I’m not in a great position to critique Darron Thomas because although I’ve watched a lot of Oregon the last two years, I’ve never got the feeling he was destined to be a logical NFL option. For those reasons, I haven’t sat down and studied his game to get a feel for what he brings to the table. My initital reaction to this news was ‘why?’ and a lot of Oregon fans seem to be suggesting he’s turning pro to avoid losing his job and sitting next year anyway. On the other hand, Kip rates him so I’m going to sit down and take a closer look soon.

  28. Ryan

    Please no.

    I only watched one game of his, last year vs. Washington, but my impression was that he had severe trouble connecting with wide-open receivers, often overthrowing them by miles, and that his shaky passing was holding them back. He executed Oregon’s atypical offense well enough for a Rose Bowl, yet there still seemed rumors backup Bryan Bennett was the better quarterback.

    Please no.

  29. woofu

    So far John and Pete have not really drafted a Qb, though I doubt that happens this year. However, this FA list from roto bears a look.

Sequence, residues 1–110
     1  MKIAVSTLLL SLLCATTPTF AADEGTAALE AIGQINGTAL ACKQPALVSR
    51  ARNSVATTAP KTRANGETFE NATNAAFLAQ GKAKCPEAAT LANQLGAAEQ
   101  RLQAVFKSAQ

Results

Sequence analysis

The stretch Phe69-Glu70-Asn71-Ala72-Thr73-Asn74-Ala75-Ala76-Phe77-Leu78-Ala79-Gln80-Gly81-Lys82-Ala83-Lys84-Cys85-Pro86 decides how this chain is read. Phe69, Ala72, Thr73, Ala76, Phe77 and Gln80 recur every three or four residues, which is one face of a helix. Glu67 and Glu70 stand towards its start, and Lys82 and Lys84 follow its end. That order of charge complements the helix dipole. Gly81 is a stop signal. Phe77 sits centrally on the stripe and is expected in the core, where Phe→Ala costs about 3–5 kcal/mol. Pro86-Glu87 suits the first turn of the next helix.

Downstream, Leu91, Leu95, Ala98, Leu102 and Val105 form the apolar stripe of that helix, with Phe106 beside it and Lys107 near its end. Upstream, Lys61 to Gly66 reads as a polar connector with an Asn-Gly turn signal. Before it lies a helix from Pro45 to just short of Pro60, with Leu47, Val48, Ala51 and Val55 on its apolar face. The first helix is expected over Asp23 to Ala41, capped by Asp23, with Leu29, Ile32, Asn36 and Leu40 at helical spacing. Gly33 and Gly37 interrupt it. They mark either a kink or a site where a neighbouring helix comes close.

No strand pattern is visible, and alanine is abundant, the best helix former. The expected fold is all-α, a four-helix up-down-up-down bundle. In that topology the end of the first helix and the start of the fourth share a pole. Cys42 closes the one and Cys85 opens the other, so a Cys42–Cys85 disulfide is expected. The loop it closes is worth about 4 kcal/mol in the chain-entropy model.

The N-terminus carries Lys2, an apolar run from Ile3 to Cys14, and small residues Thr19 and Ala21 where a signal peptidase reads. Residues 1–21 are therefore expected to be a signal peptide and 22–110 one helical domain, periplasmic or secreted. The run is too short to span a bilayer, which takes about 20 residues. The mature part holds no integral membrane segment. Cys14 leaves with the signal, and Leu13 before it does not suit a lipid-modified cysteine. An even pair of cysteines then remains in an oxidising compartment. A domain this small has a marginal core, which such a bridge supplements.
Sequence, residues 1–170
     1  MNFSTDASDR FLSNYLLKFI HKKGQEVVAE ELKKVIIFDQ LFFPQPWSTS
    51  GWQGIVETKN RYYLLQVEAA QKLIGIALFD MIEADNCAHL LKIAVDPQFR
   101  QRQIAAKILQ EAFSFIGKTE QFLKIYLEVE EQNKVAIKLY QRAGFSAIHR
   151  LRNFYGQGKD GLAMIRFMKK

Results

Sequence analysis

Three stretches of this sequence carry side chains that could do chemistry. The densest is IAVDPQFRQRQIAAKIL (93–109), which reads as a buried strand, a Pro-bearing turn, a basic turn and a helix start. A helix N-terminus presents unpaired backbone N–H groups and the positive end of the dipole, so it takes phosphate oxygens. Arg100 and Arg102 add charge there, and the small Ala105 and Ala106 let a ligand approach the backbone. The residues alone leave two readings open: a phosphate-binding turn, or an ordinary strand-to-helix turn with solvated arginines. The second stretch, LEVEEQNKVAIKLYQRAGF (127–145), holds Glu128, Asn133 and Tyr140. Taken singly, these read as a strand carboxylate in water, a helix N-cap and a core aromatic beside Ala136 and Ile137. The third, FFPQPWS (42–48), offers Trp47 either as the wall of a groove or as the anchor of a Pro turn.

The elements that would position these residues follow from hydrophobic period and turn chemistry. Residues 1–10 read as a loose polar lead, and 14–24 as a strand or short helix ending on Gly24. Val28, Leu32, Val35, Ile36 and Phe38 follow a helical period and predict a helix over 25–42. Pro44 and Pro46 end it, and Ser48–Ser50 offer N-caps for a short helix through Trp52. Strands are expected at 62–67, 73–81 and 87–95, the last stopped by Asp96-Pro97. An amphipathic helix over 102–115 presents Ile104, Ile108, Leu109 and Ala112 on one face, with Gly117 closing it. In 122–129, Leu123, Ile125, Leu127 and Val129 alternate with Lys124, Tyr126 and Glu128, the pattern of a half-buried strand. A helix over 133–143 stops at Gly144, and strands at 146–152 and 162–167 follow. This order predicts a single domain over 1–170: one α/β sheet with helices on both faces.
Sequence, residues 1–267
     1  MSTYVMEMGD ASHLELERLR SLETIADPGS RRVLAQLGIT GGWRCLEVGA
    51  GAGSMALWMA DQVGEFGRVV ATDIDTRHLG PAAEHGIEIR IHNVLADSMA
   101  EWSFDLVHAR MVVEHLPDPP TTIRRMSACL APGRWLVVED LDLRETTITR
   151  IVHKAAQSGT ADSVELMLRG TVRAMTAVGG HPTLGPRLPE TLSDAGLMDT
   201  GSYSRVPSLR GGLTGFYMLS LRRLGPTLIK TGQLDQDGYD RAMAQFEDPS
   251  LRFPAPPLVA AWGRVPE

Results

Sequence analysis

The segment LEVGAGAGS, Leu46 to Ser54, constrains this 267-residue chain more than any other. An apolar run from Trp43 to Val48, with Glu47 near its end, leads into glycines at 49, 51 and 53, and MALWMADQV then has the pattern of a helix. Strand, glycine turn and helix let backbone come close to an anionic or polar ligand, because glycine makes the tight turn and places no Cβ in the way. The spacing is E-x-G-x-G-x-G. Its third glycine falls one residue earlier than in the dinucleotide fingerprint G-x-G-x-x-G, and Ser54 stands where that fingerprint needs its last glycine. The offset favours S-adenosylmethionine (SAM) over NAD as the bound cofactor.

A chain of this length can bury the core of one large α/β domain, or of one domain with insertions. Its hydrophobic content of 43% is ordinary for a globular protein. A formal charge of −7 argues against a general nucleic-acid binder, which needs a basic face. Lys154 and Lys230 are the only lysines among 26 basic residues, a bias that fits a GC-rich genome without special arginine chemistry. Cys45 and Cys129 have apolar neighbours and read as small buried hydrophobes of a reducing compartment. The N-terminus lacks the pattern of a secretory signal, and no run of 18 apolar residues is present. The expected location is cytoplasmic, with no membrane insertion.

30. Bostonhawk

    I have watched every second of every game Darron Thomas has played for the Ducks and feel reasonably comfortable giving the amateur’s take on Darron Thomas as a potential pro qb:

    1. He has incredible poise and has shown to be a winner (22-3 as a starter). He always shows up in big games, though it might take some time for him to get it going. He has that dreaded “moxie” to which people often refer- for some that will matter, for others, it won’t.

    2. His numbers suggest that he is an extremely accurate quarterback- this is only partly true. Much of the Oregon passing games revolves around screens, bubble screens, and quick outs. In this past year, there has been little vertical passing (as much the fault of the wide receivers though). He also benefits from teams playing eight in the box to stop the zone-read running game.